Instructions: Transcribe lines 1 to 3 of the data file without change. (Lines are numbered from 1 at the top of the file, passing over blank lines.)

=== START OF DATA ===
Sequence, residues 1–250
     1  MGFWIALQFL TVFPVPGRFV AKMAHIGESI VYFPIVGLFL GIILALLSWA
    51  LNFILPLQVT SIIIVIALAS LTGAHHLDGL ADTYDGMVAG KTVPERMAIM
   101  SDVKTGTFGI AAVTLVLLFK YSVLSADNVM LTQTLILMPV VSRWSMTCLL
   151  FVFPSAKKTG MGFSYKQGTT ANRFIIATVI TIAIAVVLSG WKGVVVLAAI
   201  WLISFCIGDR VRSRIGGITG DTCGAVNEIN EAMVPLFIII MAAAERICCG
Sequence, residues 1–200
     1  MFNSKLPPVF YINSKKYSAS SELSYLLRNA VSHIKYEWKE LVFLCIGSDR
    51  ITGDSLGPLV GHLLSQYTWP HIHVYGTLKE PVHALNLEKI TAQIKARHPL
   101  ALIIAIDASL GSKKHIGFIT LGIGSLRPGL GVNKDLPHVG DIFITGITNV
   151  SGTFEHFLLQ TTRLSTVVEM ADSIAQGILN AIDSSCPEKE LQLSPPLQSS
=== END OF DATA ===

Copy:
Sequence, residues 1–250
     1  MGFWIALQFL TVFPVPGRFV AKMAHIGESI VYFPIVGLFL GIILALLSWA
    51  LNFILPLQVT SIIIVIALAS LTGAHHLDGL ADTYDGMVAG KTVPERMAIM